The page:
Coletto says the Mulcair’s decision to run on a promise of balanced books, while Trudeau was touting his plan for three years of deficit-financed spending, seemed to strongly influence those Canadians craving a new direction from Parliament Hill. “Once the NDP was locked into their balanced-budget promise, I think that signalled to voters that they couldn’t offer the spending that people think is tied to more ambitious change.”

So change was a key issue for many voters throughout the campaign, and the question was which of the two main opposition parties would come out on top as the better vehicle for delivering it. Values emerged during the race as an unexpectedly top-of-mind concern, likely to the detriment of the Conservatives. And while the economy has remained a significant preoccupation, it doesn’t appear dominant enough to outweigh the combined impact the change and values factors.

Other issues the Tories wanted to highlight just didn’t seem to get any traction. Abacus found only six per cent of Canadians felt keeping taxes low was the top issue, and just four per cent felt picking the party and leader who would keep Canadians safe was what the election was all about.

With taxes and security hardly registering, and values going against him, Harper reverted in the final stage of the campaign to emphasizing overall economic competence. But Coletto said it would take a major change of heart on in the ballot box on the part of a lot of voters to make that concern definitive on Oct. 19.

“If voters who haven’t voted yet, and haven’t locked in their votes, step into the voting booth and ultimately decide that the election is not about change, but is about the economy, then the Conservatives have a chance,” he said. “They don’t have a big advantage among voters who think that way, but they do have an advantage.”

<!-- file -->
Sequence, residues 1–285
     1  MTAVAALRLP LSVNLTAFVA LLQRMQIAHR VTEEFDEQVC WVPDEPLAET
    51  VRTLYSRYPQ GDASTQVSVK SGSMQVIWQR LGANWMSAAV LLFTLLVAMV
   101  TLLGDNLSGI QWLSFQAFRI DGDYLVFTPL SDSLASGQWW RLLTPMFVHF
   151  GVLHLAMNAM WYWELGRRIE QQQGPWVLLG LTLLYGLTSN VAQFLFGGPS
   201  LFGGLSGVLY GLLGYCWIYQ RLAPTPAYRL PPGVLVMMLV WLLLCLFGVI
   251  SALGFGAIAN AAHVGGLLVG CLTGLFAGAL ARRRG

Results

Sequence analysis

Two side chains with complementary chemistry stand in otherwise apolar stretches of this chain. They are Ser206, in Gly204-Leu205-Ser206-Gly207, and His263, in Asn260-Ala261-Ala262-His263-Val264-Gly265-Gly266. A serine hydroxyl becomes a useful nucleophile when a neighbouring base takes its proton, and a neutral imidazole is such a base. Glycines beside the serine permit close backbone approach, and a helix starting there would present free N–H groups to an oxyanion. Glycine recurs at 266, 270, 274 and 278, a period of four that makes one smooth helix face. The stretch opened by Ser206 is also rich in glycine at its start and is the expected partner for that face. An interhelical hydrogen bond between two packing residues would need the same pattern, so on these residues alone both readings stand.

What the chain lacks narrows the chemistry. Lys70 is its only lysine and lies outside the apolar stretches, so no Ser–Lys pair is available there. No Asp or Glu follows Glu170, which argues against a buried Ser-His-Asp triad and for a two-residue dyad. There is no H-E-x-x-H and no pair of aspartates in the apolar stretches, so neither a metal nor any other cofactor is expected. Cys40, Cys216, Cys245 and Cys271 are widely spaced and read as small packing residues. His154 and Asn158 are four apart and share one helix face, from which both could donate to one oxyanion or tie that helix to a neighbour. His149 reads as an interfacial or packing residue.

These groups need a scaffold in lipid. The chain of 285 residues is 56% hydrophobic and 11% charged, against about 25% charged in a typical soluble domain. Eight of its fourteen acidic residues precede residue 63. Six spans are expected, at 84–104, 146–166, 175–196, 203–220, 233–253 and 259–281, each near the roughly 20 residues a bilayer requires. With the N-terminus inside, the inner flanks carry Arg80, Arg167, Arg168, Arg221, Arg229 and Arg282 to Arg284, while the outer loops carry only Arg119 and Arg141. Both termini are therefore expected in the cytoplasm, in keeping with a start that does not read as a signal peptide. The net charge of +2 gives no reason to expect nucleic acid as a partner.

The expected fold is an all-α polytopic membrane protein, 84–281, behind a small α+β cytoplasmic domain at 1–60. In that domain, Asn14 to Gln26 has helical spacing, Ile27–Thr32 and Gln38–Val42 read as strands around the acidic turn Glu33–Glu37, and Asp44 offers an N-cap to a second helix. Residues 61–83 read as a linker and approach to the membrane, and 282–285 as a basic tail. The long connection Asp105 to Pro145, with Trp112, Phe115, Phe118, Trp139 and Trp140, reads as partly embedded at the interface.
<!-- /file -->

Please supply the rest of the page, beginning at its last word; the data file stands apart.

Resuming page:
The Abacus survey was conducted online with 3,103 Canadians aged 18 and over from Oct. 15-17, from a large representative panel of over 500,000 Canadians, recruited and managed by Research Now, one of the world’s leading provider of online research samples. 

The Marketing Research and Intelligence Association policy limits statements about margins of sampling error for most online surveys.  The margin of error for a comparable probability-based random sample of the same size is plus or minus 1.8 per cent, 19 times out of 20.  The data were weighted according to census data to ensure that the sample matched Canada’s population according to age, gender, education, and region.

 


 

Abacus poll reveals what the 2015 campaign was really all about

  1. A Canadian cultural war….yes, indeedy

  2. Until the books have been opened and the numbers pored over, Harper’s competence as an economic manager will be in question

    • We already know that Harper has the worst economic record of any Prime Minister since WW2.

      For me his vague campaign promises on “keeping Canada strong”, “protecting the economy”, “keeping Canada strong”, “lower taxes” were pure indiluted BS and I never in a million years would have voted CPC.